Thanks to the work of the Nobel Prize winner Daniel Kahneman and others, we now increasingly view our cognitive processes as being divided into two systems. We think slowly and fast because our cognitive capacity involves two different systems. System one operates automatically and quickly, with little or no effort and no sense of voluntary control.

    System two allocates attention to the effortful mental activity and therefore is slow. For example, conscious learning of a foreign language belongs to System two, whereas the expression of our feelings and thoughts (i.e., speech) belongs to System one.

    The better acquisition should be based on subconscious training and not on better memorization with mnemonics. Subconscious training is defined as the activity in which all skills – reading, listening, and speaking – are learned simultaneously; it is in sharp contrast with learning English as information to be remembered.

    Subconscious training helps adult learners to automatically form the direct wiring between English words and the images or symbols, they describe. Learners create active vocabulary; they acquire intuitive grammar and the ability to speak fluently without cross-translation. Learners start thinking in English from the first lesson.

    1. @Arkady – Love your comment and I think you’re right on target. Perhaps the title of the blog is misleading because I don’t think we disagree. The title might better be represented, “One method that will aid you in language learning.” In my experience in language learning, (and as a marketing professor) I cringe every time I hear a company claim, “Our software is the BEST way to learn a language.” I think we can all agree, the best way is to plop someone down in the middle of the country and immerse them in the language and culture. That’s how I did it, with only 2 months of Spanish, I was shipped off to a remote part of Mexico and lived there for 2 years.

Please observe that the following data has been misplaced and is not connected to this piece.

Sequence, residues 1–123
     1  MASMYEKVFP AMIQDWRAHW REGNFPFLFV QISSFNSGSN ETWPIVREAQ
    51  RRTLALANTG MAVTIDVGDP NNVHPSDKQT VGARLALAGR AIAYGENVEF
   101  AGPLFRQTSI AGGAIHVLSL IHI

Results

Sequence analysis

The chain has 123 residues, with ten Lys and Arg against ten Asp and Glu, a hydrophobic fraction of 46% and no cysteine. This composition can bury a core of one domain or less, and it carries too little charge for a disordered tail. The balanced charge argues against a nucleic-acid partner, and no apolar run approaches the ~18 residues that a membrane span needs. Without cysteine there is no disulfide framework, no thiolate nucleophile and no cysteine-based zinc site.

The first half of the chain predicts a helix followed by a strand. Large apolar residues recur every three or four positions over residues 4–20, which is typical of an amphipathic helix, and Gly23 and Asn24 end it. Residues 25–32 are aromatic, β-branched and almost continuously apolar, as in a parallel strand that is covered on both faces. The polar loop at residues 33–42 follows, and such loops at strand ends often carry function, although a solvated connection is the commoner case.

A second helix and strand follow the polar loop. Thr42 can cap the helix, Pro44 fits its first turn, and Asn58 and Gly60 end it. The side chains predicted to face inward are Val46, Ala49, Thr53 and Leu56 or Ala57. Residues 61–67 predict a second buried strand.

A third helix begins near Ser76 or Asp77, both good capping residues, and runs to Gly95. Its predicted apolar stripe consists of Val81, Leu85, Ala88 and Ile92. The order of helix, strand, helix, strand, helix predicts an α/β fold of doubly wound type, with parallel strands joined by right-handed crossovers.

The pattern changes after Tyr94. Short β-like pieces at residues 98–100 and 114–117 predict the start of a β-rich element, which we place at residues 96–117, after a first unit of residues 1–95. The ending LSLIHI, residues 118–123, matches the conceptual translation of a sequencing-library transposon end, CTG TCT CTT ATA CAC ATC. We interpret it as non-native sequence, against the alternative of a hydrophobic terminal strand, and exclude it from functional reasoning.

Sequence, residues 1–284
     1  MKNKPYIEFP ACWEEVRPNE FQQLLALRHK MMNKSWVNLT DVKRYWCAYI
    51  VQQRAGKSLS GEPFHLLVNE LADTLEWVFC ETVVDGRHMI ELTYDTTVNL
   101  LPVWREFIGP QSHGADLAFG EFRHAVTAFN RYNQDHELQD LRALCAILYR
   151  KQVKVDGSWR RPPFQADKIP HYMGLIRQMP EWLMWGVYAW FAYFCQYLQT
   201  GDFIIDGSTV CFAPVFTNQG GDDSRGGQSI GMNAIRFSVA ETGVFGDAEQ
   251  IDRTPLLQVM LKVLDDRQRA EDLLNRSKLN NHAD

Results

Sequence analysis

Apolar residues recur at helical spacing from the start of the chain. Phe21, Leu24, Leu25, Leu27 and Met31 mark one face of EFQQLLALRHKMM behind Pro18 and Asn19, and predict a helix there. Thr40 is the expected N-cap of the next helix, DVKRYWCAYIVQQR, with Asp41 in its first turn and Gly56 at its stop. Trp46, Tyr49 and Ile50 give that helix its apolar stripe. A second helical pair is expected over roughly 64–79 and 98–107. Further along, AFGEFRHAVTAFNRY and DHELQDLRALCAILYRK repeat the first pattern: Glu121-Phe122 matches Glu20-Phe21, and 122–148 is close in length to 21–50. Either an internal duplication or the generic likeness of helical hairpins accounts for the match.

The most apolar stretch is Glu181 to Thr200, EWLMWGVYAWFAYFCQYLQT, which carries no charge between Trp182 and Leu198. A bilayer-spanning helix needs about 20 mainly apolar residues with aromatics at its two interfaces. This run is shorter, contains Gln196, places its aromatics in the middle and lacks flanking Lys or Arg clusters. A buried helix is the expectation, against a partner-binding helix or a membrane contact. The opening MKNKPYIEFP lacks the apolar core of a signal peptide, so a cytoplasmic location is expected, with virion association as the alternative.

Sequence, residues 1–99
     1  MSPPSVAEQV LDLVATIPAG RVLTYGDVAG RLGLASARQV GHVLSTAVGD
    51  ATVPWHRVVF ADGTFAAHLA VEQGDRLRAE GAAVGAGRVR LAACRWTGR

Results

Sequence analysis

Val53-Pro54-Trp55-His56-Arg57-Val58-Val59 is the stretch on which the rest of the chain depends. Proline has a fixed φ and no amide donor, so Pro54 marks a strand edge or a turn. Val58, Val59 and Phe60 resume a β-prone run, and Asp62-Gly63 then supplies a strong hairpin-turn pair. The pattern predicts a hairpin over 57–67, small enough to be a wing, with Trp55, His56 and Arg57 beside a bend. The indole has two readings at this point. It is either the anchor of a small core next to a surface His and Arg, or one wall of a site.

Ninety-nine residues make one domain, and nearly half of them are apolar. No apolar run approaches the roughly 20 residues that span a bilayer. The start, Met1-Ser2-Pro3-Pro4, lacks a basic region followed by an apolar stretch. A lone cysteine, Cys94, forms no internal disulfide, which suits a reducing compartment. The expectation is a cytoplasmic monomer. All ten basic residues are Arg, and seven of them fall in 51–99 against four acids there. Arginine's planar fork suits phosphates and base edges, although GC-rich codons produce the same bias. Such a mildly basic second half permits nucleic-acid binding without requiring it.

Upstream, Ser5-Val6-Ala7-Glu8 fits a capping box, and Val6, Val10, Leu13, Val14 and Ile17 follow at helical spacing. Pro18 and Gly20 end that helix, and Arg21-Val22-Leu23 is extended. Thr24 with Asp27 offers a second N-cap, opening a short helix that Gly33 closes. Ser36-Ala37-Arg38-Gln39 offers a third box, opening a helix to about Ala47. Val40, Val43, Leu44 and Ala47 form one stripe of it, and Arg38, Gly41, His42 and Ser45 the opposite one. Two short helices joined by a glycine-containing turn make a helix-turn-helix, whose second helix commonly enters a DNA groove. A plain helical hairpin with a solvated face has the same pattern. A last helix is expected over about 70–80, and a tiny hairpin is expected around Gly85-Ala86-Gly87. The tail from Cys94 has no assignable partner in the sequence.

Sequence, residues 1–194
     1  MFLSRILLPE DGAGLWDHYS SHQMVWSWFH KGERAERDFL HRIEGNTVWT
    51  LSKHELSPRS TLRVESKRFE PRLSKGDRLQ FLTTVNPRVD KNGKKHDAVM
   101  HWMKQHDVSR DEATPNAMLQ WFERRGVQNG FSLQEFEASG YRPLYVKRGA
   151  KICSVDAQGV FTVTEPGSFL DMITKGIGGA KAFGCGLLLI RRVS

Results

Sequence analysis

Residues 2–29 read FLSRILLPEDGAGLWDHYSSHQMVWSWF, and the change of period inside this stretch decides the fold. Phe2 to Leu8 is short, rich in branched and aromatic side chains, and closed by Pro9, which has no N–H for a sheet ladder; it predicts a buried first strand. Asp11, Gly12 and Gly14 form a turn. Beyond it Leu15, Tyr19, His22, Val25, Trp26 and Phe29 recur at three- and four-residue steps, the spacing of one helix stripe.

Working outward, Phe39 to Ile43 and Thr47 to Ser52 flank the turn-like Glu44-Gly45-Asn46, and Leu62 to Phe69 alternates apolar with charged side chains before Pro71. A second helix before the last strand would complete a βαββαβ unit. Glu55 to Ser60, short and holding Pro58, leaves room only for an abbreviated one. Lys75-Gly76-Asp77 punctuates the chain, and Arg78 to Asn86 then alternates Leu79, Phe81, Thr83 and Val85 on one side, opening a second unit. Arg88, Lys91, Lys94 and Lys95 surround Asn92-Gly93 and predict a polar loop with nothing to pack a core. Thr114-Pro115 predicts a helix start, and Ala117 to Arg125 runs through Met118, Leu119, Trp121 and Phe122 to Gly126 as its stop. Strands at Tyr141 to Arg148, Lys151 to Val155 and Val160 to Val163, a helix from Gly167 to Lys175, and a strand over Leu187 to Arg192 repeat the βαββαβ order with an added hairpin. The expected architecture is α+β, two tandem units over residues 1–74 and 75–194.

I would like to argue that Mnemocis (while maybe not the “best” way) can definitely help. Numerous examples, including that from Arthur Benjamin, show the power of mnemonics in memory improvement; and memory improvement clearly will help with language acquisition. Obviously, we have pronunciation, fluency, comprehension that comes with more of the type of acquisition learning that Kahneman is just cutting the surface of; however, if I can land in a country with a solid set of the most commonly used words memorized, I will have a significant head start on the other key areas of language learning.

      Studies show that (on average) learning the 1,000 most common words of a language will enable you to know 88% of the spoken language. 2,000 gives you 93% (only a 5% increase). If I can use Mnemonics to speed up the acquisition of the spoken language, that seems like a good plan.

      So, I think we agree, Mnemonics is not going to get me to language proficiency, but it will get me there faster.

  2. @David – Thank you for your positive response. You are definitely an excellent teacher who is trying to improve the traditional methods of teaching.

    Your statement that learning the 1,000 most common words of a language will enable you to know 88% of the spoken language is inaccurate. When you learn words of a foreign language you continue thinking in the native language and therefore you remember these words as translations into your native language. This is a typical example of passive vocabulary that you can use when reading or writing but it is useless for spoken language. Speech is a subconscious process and is always created in automatic mode. We first think – it is a conscious process, and then we verbalize our thoughts using speech in subconscious mode.

    To speak fluently in a foreign language, you should think in the target language and create an active vocabulary that you can use in speech automatically without remembering. Passive vocabulary could be used in reading and writing but it could not be used in conversation because remembering words is a very slow process. In a natural speech, you should create about two words per second; there is no time for translation in your head before you can produce a sentence or understand the spoken language.

    You are right that there is no best method of teaching a foreign language. However, I believe that we should create the best method. Let’s open the discussion about a technical specification for the best method of teaching EFL. After this kind of technical specification is finalized, we may open competition among the teaching methods, which one best meets the new specification.

    Read the first article in this list and add your suggestions or comments to the draft of specification for the best methodology of learning a foreign language.